The Politics of Twittering

I have moved from thinking that Twitter is merely cool to thinking that it’s very cool, and that there may be more real world uses for it than I originally thought.  There will be challenges, for sure.  But the potential to create a new communication medium is huge.

There are a ton of people using Twitter, and more sign up every day.  I know from our early ACCBoards.Com days how hard it is to keep up with a ton of new traffic.  We started out as a little message board for ACC sports fans.  Suddenly, we were on the local news, then we got mentioned on ESPN, then players and high profile recruits began to post messages.  Traffic went off the charts and our servers crashed.  And crashed.  You hope the traffic explosion will happen, and you think you’ve planned for it.  But when traffic starts growing geometrically, you end up throwing your assumptions out the door and just try to hang on.

Managing the traffic load will be a problem for Twitter, but not the biggest challenge.

The biggest challenge for Twitter will be figuring what it wants to become.  With traffic comes the opportunity to make good decisions, and the opportunity to make bad ones.  And a lot of people will come out of the woodwork to help you make bad ones.

Will Twitter be happy being a popular and useful communication tool?  Or will it try to recreate itself as some sort of business tool in the hopes of attracting some business dollars?  I hope the former, but history tells us there will be pressure to try to become the latter.

If I owned Twitter, I’d stay the popular and useful communication tool course until I slayed the competition – much like Google did with search.  The first rule of interactive online communities is you have to own the space.  Once you own the space, you can worry about rule number two.  TechCrunch is the blogosphere’s best example of the application of the first rule.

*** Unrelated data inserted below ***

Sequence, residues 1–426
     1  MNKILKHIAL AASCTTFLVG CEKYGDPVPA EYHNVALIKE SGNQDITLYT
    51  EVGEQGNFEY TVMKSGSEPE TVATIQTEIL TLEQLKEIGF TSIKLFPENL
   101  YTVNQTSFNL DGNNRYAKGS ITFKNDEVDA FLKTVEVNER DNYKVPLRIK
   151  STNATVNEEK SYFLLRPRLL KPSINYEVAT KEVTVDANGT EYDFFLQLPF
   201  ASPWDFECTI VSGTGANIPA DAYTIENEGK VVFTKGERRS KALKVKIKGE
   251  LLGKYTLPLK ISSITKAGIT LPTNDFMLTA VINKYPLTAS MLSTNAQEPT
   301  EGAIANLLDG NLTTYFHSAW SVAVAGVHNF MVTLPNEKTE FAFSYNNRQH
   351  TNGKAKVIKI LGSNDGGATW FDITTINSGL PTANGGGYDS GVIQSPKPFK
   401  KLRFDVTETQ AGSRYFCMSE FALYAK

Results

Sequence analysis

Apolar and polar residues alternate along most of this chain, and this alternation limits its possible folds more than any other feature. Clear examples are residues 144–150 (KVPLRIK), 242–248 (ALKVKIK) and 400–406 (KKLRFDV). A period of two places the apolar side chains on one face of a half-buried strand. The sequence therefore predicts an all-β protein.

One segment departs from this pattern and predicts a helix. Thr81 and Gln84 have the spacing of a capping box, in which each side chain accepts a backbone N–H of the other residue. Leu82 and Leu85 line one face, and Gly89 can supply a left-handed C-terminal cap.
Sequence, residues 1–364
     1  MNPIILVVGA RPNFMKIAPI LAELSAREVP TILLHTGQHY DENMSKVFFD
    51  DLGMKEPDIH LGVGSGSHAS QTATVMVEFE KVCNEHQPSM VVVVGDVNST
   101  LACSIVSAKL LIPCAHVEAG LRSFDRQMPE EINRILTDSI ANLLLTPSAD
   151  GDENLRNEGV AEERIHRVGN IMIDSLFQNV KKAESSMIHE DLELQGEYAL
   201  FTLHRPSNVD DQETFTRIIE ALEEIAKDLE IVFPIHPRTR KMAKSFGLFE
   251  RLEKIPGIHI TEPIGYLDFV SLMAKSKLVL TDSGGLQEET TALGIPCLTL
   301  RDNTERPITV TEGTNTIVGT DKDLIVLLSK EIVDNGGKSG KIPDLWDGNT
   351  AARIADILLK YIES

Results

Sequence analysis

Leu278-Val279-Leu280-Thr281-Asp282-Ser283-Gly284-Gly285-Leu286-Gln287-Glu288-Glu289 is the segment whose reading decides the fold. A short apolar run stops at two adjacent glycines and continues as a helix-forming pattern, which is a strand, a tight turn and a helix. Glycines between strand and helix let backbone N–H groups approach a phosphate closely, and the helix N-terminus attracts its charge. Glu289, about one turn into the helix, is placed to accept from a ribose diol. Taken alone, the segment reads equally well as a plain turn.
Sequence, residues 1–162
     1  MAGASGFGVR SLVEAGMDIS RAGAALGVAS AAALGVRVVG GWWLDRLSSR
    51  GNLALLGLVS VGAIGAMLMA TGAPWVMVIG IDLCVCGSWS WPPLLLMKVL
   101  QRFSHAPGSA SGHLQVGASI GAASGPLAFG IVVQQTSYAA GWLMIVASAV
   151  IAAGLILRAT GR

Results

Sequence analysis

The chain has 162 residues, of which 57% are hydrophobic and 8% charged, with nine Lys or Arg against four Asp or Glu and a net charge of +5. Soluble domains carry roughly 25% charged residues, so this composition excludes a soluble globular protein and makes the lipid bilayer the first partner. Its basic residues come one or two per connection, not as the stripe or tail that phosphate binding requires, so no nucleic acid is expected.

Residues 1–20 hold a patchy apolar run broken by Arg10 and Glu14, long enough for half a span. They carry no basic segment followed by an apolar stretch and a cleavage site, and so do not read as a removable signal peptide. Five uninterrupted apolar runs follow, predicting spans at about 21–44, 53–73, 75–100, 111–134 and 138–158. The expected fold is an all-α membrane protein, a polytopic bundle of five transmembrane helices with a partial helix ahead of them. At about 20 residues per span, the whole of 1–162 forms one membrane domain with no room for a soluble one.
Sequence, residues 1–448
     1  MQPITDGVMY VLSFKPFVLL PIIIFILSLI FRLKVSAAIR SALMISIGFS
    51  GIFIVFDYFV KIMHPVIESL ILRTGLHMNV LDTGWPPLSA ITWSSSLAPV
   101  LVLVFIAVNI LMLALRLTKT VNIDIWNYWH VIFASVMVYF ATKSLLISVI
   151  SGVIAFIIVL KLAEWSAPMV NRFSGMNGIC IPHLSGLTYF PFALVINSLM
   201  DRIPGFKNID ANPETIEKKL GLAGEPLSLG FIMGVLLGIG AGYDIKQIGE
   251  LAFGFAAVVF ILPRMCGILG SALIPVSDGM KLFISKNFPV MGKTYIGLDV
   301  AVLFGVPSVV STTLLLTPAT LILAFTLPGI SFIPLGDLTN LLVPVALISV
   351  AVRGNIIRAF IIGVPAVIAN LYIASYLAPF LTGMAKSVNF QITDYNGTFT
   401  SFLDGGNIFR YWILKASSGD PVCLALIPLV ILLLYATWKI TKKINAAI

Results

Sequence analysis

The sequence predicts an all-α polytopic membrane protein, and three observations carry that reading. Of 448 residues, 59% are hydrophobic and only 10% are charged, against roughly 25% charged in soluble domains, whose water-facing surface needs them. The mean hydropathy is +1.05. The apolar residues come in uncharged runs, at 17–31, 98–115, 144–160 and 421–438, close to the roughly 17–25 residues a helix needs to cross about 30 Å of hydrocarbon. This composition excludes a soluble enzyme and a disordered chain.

Along the way, I’d periodically add new and complimentary features to keep Twitter on the minds of the technorati and on the pages of Technorati.  Private Twitter groups, for sure.  Perhaps topical groups.  I’d add a photo feature, maybe by teaming up with up and comer Zooomer.

Mostly, I would concentrate on doing a few things very well and avoid the dilutive urge to add new features for the sake of adding new features.

Twitter users will face challenges too.  The biggest one will be deciding how to use Twitter.  As a mini-blog, as a shared IM substitute, as a message board.  Or as some combination of the three.  With traffic and popularity will come the disrupters.  The spammers.  The foul, cruel and bad-tempered rodents.  Tim O’Reilly to tell us how to deal with them.  How will we deal with those problems?

The only captcha for that sort of thing is a healthy combination of common sense and self governance.  If someone treats their Twitter account as a billboard for spam or self promotion, users will have to decide whether to stand by and watch or vote with their follow list.  Ideally, one’s follow list will eventually equate to one’s eBay number.  But for this to work, we have to make Twitter a different place than the blogosphere at large.

If Twitter becomes nothing more than a pocket sized version of the blogosphere, everyone loses.

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